The neck or cervical spine is a complex structure that has great bearing on one’s health and vitality. It is comprised of seven vertebrae (bones) that have the distinction of being the most flexible in the human spine. The top most vertebra is called the atlas. The atlas sits on the axis, the second vertebra where it pivots on around a post-like structure called the dens. There is no disc between the atlas and axis; this is where the majority of the neck movement occurs when you turn your neck. The remaining vertebrae of the neck and spine are connected with discs.
The neck supports the weight of the head and contains part of the brain stem and the uppermost part of the spinal cord. Nerve roots branch out from between the neck vertebrae and converge to form the peripheral nerves that control the upper extremities (shoulder, upper arm, lower arm, wrist, and hand). Vertebral arteries run through the edges of the neck vertebrae and supply blood to the cerebellum- the part of the brain that is involved with balance and coordination. The esophagus (leads to the stomach) and larynx (throat, leads to the lungs) are situated in front of the cervical spine. Finally, several sets of muscles envelop the cervical spine and control precision movement. With all these delicate structures in one small area, it is easy to understand the neck’s potential to cause numerous kinds of problems if everything isn’t in working order.
Old Injuries – Injuries like those that occur from whiplash (rear-end car collisions) or falls on the head can lie dormant for years. Vertebrae can shift out of normal position, resulting in sub-optimal joint movement. Eventually, degenerative changes follow, leading to pain and dysfunction. A good analogy is a car’s wheel alignment being knocked off center after hitting a curb: the wheel’s mechanics are disturbed, and pretty soon the tire tread thins unevenly and the brake starts making noises. Pain is your neck’s way of telling you that there is something mechanically wrong that you should get checked out.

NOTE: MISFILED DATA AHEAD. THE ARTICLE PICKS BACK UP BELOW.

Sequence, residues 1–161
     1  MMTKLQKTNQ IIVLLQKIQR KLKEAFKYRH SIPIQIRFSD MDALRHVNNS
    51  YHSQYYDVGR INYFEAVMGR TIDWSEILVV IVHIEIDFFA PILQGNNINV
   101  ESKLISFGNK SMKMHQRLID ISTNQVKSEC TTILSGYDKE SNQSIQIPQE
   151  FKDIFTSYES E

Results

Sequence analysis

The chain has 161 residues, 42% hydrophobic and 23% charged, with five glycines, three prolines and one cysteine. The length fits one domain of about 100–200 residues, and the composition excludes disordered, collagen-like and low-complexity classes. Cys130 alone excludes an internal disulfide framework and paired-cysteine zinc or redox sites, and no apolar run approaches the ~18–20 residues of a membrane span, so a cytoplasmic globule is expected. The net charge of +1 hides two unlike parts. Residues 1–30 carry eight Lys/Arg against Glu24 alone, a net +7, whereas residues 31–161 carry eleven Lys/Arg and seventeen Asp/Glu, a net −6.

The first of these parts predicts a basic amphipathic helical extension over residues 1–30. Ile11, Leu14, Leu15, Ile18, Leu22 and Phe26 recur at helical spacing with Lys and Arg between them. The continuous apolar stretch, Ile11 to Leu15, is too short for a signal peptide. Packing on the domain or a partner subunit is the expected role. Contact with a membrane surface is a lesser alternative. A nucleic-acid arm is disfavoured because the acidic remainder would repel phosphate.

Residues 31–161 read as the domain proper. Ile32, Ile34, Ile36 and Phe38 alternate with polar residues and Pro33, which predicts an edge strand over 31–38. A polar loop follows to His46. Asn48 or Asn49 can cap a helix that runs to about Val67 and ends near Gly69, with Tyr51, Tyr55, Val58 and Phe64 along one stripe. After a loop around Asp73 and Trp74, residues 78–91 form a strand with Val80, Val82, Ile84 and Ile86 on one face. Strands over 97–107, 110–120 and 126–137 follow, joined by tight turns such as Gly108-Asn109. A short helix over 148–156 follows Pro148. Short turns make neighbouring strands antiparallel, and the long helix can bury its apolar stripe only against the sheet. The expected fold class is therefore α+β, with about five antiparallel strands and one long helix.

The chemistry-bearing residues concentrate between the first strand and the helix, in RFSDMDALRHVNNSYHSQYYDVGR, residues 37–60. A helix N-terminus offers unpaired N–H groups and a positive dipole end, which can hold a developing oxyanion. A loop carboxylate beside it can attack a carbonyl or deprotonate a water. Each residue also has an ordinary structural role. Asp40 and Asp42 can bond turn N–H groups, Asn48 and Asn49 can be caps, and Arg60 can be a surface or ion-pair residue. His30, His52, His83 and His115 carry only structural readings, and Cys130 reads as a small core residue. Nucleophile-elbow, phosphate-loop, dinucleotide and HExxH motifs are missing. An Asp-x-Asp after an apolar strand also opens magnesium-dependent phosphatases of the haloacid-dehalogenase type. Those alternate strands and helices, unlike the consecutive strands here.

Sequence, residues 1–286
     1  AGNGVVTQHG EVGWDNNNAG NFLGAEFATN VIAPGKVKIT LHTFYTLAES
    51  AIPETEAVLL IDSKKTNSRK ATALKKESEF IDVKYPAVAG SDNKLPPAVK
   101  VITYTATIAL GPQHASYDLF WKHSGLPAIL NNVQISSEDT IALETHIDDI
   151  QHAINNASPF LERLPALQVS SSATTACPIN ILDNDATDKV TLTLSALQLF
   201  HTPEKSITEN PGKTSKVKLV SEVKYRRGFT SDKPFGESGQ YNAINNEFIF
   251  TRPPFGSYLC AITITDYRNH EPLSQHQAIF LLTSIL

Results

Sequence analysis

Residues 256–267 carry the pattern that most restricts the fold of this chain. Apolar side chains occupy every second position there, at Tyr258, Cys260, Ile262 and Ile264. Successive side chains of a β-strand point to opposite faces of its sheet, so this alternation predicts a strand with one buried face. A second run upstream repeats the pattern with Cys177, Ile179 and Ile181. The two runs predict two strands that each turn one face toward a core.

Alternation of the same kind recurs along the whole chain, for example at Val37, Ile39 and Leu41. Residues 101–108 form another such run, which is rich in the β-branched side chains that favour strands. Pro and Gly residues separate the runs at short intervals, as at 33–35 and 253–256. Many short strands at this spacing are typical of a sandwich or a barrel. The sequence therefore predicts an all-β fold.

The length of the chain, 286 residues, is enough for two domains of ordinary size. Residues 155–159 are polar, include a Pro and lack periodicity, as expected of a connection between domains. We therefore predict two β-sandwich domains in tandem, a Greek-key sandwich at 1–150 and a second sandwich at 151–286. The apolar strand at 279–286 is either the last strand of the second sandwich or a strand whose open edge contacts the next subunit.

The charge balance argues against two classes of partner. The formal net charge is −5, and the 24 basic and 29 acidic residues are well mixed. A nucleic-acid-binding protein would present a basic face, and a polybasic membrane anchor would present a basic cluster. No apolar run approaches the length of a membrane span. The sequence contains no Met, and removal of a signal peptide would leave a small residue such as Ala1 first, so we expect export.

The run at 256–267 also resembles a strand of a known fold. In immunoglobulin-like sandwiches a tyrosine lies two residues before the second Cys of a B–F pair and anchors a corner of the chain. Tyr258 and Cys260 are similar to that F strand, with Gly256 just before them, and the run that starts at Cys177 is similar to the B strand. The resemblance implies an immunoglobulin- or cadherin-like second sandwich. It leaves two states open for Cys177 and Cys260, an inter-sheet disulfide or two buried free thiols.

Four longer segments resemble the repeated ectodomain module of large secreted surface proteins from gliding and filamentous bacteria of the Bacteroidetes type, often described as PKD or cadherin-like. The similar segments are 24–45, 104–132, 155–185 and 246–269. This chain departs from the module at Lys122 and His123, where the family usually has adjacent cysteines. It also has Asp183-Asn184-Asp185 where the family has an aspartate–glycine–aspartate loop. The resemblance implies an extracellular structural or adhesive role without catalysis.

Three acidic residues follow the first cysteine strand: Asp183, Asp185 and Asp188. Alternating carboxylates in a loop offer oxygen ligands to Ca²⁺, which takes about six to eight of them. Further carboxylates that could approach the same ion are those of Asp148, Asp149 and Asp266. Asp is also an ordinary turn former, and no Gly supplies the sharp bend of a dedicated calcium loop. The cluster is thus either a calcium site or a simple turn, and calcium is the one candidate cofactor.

Disc herniations – Discs are the tough ligaments that hold vertebrae together while allowing them to move in unison. A disc is comprised of two main parts: an outer annulus and an inner, jelly-like structure called the nucleus pulposus. When healthy, the tight rings of the annulus keep the nucleus inside. When weakened, the nucleus can punch though the annulus, making it to the outside. This usually occurs from trauma, lifting a heavy load, or in rare cases, simply coughing or sneezing. The condition is called a herniated nucleus pulposus, or HNP for short. Being that the outer layer of the annulus has a high density of nerve endings, HNPs can be very painful. If the nucleus presses against a nerve root, it may cause radiating pain down into the arm.
Stenosis– Degenerative joint disease can cause bony projections to narrow the canal where the spinal cord resides. As a result, the spinal cord can get compressed. This can lead to local pain and bilateral (both sides) numbness and weakness below the compression site.
Chiropractic adjustments and manual therapy techniques can help some cases of neck pain by gently moving the joint through its physiological range of motion, which improves disc hydration and facet movement. Adjustments also help to prevent the soft tissues surrounding the spine from shortening and calcifying.
We offer non-invasive physical medicine treatments and chiropractic care in Austin, TX. For your FREE consultation, call us today at 512.442.2727
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